usually serves to conceal the identity and/or nationality of the smuggled migrant. If forged documentsare used, the smuggled migrant may be able to deceive immigration officers upon arrival and enter thedestination country. If documents are destroyed en route, smuggled migrants usually report toofficials on arrival in order to seek asylum and gain refugee protection.6 The smuggling of migrants

    by air may also be differentiated between accompanied and unaccompanied smuggling. In some

    cases, smuggled migrants, especially if they are furnished with false documents and cash to makethem appear as tourists, are accompanied by members of migrant smuggling network to ensure they

    proceed through check-in and immigration controls, and to retrieve the documents and cash fromthem after arrival at the destination point.

    This snapshot highlights some of complexities of migrant smuggling by air which researchers, policy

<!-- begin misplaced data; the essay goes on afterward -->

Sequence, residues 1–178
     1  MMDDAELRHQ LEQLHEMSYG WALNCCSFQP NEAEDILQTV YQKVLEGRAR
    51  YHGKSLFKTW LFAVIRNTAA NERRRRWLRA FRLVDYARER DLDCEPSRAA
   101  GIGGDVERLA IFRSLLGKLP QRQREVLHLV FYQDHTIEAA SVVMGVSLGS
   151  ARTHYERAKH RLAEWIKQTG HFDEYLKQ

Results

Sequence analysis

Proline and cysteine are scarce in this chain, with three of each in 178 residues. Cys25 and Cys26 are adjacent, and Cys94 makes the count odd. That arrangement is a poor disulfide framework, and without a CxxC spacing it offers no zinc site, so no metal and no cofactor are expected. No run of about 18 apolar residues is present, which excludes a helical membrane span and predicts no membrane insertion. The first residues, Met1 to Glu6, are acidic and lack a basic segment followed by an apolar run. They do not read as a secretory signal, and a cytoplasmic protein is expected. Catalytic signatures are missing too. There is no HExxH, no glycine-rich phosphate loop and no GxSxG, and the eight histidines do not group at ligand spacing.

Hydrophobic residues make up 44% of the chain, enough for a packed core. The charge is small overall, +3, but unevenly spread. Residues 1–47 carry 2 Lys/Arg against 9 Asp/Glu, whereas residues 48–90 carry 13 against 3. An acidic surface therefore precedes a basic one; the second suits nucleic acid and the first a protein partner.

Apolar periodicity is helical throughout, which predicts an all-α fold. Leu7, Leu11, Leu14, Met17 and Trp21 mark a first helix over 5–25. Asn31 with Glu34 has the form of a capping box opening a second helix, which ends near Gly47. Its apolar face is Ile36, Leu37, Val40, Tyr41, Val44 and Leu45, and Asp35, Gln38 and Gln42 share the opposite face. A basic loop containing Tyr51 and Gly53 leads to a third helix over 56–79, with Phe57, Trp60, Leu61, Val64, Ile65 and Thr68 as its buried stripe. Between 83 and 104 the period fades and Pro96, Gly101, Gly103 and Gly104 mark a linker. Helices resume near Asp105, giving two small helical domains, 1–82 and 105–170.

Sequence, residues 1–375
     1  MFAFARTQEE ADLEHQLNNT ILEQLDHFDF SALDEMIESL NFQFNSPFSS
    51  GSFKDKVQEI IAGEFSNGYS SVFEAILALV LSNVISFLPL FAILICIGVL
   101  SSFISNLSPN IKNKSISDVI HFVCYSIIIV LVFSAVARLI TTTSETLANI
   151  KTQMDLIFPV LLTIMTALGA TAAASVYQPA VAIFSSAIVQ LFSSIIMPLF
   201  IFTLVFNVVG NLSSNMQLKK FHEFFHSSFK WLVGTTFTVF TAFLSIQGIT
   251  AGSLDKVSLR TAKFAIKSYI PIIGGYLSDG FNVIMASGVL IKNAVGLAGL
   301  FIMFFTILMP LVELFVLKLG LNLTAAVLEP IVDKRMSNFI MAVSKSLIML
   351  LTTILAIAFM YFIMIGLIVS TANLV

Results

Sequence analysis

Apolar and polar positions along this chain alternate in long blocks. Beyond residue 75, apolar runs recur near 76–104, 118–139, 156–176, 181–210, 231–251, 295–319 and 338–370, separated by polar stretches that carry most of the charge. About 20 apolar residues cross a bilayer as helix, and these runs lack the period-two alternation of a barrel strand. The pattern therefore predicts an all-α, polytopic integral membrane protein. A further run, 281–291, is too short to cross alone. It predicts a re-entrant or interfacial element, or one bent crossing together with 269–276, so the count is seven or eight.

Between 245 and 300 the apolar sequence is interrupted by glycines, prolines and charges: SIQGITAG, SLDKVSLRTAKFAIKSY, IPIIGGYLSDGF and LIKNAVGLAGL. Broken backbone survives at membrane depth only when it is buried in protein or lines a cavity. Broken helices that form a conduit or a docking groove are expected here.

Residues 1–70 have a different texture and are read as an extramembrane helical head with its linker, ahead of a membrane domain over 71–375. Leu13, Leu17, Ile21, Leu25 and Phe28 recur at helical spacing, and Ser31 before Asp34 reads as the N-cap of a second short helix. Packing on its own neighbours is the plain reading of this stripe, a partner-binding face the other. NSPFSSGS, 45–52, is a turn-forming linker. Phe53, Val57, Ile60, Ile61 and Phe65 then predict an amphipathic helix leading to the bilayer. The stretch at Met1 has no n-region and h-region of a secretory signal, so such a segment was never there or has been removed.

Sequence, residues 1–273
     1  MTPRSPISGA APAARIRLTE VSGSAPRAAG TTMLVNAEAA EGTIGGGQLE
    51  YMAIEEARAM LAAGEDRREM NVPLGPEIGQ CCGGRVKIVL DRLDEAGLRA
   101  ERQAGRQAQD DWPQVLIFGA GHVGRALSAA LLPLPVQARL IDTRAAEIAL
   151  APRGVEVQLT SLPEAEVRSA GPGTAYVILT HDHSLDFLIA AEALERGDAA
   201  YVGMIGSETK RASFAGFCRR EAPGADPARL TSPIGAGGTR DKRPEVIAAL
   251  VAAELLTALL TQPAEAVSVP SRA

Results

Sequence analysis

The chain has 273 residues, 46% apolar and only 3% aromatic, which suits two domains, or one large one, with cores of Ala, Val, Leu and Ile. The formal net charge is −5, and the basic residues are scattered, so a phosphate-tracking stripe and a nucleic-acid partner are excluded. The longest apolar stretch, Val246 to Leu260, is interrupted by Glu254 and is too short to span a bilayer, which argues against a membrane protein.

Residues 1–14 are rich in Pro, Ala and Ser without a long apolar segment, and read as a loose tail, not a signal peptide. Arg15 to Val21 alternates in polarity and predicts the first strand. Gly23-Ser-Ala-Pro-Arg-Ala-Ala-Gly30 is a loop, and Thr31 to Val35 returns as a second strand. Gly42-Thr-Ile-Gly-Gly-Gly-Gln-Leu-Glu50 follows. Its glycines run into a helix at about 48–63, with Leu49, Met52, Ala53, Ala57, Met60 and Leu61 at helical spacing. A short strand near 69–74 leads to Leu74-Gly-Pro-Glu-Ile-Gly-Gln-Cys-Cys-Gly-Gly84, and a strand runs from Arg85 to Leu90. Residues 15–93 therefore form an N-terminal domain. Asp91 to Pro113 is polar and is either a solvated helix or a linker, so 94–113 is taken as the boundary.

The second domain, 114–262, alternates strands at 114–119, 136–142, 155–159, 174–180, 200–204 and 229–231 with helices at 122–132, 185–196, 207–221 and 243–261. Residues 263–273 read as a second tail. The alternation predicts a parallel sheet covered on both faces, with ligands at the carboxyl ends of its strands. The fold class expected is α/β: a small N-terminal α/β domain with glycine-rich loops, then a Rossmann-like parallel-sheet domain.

makers, and investigators are only beginning to understand and which are often only rudimentarilyaddressed in domestic legal systems. In many countries, chief among them Australia, but also in

    places like Canada, Italy, and Spain, the focus of police, politicians, and the public alike has been

    4 UNODC, Organized Crime Involvement in Trafficking of Persons and Smuggling of Migrants (United

    Nations, 2010) 29.5 UNODC, Legislative Guides for the Implementation of the United Nations Convention against

    Transnational Organised Crime and the Protocols thereto (United Nations, 2004) 340-341: mere

    migration of migrants is not criminalised by the Protocol.6 UNODC,Migrant Smuggling by Air(UNODC, 2010) 5.

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    almost exclusively on migrant smuggling by sea. In Austria, Germany, Greece, and the United States,the main focus has been on the smuggling of migrants across land borders by trucks, trains, busses,

    private vehicles, or simply by walking across uncontrolled parts of the border.